Feeling overwhelmed? Remember ‘RAIN’

Maybe this post will reach you at the right time – when you are feeling overwhelmed with life, here is a mindful way you can help yourself through it.  This is from Tara Brach (author, teacher and clinical psychologist), whom I thankfully heard about from my good friend, David.


When life just seems just too much to handle, do RAIN.












Being ‘overwhelmed’ can be caused by events that you need to deal with, and for me recently, it has been more about just having too much to ‘do’ in my life, feeling like there was too little space to enjoy the things I wanted to do.

I ran across this RAIN technique by Tara Brach, and it honed by mindfulness practice even more.  By practicing this, it has really helped me self-manage in a much healthier way when I feel overwhelmed.

A quick summary of RAIN:

Recognize what is going on

Recognizing means consciously acknowledging the thoughts, feelings, and behaviors that are affecting us. This is a self-awareness that simply recognizes when we feel overwhelmed or stuck.

Common signs of being overwhelmed are:  a critical inner voice occupies your thoughts, feelings of shame or fear, or the physiological experience of anxiety or depression.

Allow the experience to be there, just as it is

Allowing is about letting the thoughts, emotions, feelings, or sensations we have recognized simply be there. Instead of judging ourselves, or avoiding the situation, we can simply pause with intention and relax our resistance.  Let the experience be just as it is — I find this especially helpful when the situation is something I cannot do anything about.  When I can’t change the situation, I can still change my reaction to it.

This isn’t easy to do, and needs practice. But when I take on an attitude of ‘allowing’, I do feel a certain ‘ease’ with the issue.

Investigate with kindness

Investigating means being curious to explore what’s going on within us.  Pausing to ask, what is happening inside me?, can initiate recognition, but investigation adds a more active and pointed kind of inquiry.  You might notice hollowness or shakiness, then discover a sense of unworthiness and shame masked by those feelings. Unless you bring them into awareness, your unconscious beliefs and emotions will control your experience and perpetuate your identification with a limited, deficient self.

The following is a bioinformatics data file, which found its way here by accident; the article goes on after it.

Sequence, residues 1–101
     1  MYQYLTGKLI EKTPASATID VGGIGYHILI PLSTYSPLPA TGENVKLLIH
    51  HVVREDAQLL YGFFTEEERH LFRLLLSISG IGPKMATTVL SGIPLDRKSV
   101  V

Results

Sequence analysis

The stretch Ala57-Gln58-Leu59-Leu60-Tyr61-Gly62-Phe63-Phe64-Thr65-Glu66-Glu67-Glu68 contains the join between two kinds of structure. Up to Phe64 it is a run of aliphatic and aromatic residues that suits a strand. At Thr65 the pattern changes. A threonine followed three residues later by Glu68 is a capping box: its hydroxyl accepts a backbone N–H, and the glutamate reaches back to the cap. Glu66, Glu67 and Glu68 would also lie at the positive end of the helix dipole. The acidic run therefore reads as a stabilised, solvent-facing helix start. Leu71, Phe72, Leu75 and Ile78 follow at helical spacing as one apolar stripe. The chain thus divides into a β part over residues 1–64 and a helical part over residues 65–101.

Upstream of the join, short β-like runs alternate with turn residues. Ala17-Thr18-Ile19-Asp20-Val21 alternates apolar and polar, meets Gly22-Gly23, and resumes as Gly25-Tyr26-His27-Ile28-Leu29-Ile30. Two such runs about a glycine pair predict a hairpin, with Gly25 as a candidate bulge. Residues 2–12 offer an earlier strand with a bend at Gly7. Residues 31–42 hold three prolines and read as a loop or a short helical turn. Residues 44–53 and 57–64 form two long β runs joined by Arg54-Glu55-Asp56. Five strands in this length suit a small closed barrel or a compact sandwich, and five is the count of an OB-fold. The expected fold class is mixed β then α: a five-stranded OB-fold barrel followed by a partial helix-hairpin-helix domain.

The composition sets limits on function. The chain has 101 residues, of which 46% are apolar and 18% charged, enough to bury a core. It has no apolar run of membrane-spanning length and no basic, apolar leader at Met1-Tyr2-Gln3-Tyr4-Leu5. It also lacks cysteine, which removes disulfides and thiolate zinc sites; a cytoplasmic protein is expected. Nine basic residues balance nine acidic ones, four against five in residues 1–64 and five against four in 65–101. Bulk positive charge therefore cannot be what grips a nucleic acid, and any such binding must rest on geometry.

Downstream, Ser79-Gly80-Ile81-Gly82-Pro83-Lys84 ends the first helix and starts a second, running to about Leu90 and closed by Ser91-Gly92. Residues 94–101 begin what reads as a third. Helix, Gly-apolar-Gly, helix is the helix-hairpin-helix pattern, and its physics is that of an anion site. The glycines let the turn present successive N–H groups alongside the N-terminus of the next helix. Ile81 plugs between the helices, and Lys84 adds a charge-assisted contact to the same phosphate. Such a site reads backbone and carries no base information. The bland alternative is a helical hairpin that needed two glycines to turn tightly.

Natural awareness

Natural awareness is when our sense of who we are is not fused with limiting emotions or stories.

Though the first three steps of RAIN require some intentional activity, the N is the treasure: A liberating homecoming to our true nature. There’s nothing to do for this last part of RAIN; we simply rest in natural awareness.

The RAIN of Self-Compassion is not a one-shot meditation, nor is a practice that is always steady and present.  Rather, as you practice you may experience a sense of warmth and openness, a shift in perspective as you deal with the issues.

To read this article in more detail, please read from Mindful.org here.

I recommend Tara Brach’s book: True Refuge: Finding Peace & Freedom in Your Own Awakened Heart.  It’s for people who are truly open to cultivating a better life experience.

Have a wonderful day,



6 thoughts on “Feeling overwhelmed? Remember ‘RAIN’

  1. Hi Wendy,

    What a great article – thank you (and thank Tara) for sharing.

    I agree completely – in this busy and fast paced world we live in, the feelings of stress and overwhelm are easi;y triggered by the conflict we feel with what we feel we HAVE to do versus what we WANT to do….

    Sometimes it is actually better to sit on the couch, even if only for a few minutes, to chill out and relax. Allowing yourself the luxury of stopping to process your thoughts and plan your next move can be a game changer.

    I can certainly see that using yours / Tara’s RAIN concept above could provide a great structure around gathering ones thoughts and working through ones stresses.


    • Hi Matthew, thanks so much for your thoughtful comment 🙂
      It is good to pause and reflect, and I used to think sitting on the couch doing this was being lazy and wasting time. Now that I give myself permission to not be on the ‘go’ all the time, life is so much better. It took awhile to learn this, though!

      Thank you and have a wonderful day, Matthew!

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